Specific objectives of the Roundatble
The event aims to facilitate discussions on the challenges in ensuring adequate and effective regional, national, and local funds for Roma, as well as on the importance of monitoring data on funding and its effective implementation towards achieving equality, inclusion, and participation of Roma. As such, the event will share the results of the best practices and what really works for Roma from the project “New solutions to old problems – exchange of new types of approaches in the field of Roma integration” funded by EEA and Norway Grants and implemented by the Nevo Parudimos association, together with the European Roma Grassroots Organizations (ERGO) Network and a consortium of 10 NGOs in 11 countries in the EU and outside of the EU.
The event also aims to look at the challenges and opportunities to scale-up the use of EU funds for Roma during the 2021-2027 programming period, and to promote the enhancement of Roma entrepreneurship and access to employment at the local level, highlighting the benefits of this on health outcomes and healthcare access, among other similar spillover effects.
Watch the event online here
Agenda of the event:
14:30 Registration and refreshments
Moderation: Gabriela Hrabaňová, Director, ERGO Network
15:00 Lucia Ďuriš Nicholsonová, Member of the European Parliament, RENEW, Slovakia
15:05 Věra Jourová, Vice President of the European Commission for Values and Transparency
15:10 Ingrid Schulerud, Special Representative on Democracy and Rule of Law, Norwegian Ministry of Foreign Affairs
15:15 I PANEL: What works for Roma equality, inclusion, and participation? The experience of the EEA/Norway Grants project: “New solutions to old problems”
Moderation: Daniel Grebeldinger, Nevo Parudimos, Romania
15:15 Daniel Grebeldinger, Nevo Parudimos (Romania) – Main findings of the project New solutions to old problems. Funding of bottom-up approaches: ways forward to support Roma inclusion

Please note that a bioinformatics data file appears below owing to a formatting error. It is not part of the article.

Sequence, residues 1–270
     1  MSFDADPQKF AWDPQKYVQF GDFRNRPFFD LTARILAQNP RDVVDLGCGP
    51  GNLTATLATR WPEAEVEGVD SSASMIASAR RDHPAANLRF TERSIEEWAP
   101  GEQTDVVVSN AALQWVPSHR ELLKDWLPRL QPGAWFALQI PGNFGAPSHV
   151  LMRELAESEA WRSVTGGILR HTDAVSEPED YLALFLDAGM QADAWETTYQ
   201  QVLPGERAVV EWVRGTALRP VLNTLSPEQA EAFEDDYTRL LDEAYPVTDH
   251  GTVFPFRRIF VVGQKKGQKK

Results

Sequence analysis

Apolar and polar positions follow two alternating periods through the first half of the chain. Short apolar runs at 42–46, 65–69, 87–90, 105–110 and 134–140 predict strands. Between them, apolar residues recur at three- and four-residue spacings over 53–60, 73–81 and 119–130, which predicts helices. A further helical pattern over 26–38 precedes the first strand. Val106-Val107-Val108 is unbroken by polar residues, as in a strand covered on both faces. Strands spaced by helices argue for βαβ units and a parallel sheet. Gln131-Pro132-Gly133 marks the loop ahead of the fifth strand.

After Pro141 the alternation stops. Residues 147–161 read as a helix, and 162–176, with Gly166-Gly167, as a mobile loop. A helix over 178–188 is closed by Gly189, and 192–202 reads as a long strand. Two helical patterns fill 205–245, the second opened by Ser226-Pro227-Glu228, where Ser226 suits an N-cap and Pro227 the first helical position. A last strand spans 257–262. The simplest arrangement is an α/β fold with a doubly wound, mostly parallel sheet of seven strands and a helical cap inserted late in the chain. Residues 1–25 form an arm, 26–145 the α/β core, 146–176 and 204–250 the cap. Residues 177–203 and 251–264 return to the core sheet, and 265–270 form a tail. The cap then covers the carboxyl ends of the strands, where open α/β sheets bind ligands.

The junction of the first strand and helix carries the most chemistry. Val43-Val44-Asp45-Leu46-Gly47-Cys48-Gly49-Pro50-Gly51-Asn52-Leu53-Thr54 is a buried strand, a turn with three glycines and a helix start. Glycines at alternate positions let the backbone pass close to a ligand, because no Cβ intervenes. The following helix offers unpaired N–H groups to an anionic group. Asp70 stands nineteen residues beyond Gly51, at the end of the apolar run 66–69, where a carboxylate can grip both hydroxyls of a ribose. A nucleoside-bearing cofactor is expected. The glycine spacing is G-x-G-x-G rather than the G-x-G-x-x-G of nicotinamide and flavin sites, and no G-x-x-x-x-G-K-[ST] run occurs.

15:35 Video – Best practices from local projects “New solutions to old problems”
15:45 Tuba Akin, Zero Discrimination Association (Turkey)– Perspectives on funding and implementation in Balkan countries
15:50 Sheena Keller,EEA and Norway Grants – The need for grassroots measures in designing Roma funding programs and capacity building for Roma inclusion.
15:50 -16:00 Questions & Answers
16:00 II PANEL: Maximizing the use of funding for Roma equality, inclusion, and participation
Moderation: Szabolcs Schmidt, Head of Unit, Non-Discrimination and Roma Coordination Unit, Directorate General for Justice and Consumers
16:05 Jeroen Jutte, Head of Unit, ESF, and FEAD: policy and legislation EMPL
16:15 Johannes Boermann, Programme Manager, Citizens, Equality, Rights and Values (CERV) programme: DG JUST
16:25 Hristina Petkova, Equality Coordinator, Strategy, and Investments – strategy, governance, equality, and inclusion, DG EAC
16:35 Questions and Answers
16: 50 Comfort break
17:00 III PANEL: Insights into the importance of funding and a bottom-up approach to support Roma communities and promote broader social and economic development.
Moderation: Lucia Ďuriš Nicholsonová, Member of the European Parliament, RENEW, Slovakia
17:00 Petrică Dulgheru, Executive Director, Roma entrepreneurship development initiative – REDI Network, and Bogdan Merfea, Executive Director REDI Fund, on how EU Funds are used in Roma communities and by Roma entrepreneurs.
17:15 Tomas de Jong, on behalf of the Roma Health Network under the European Public Health Alliance – on the health benefits of improved employment among Roma, examples of the North Macedonian Operational Plan for Employment
17:25 Marta García Fidalgo, Adviser Roma Policy, Western Balkans, DG NEAR
17:35 Darko Rudaš and Andreja Zevnik – How the inclusion of Roma as equal partners can change the future of Roma settlements in Slovenia?
17:45 Mgr. Táňa Grauzelová from Zdrave Regiony – Healthy Communities – Best practice in Slovakia
17:55 Closing remarks
Milan Brglez, Member of the European Parliament, Group of the Progressive Alliance of Socialists and Democrats, Slovenia
18:00 End of the event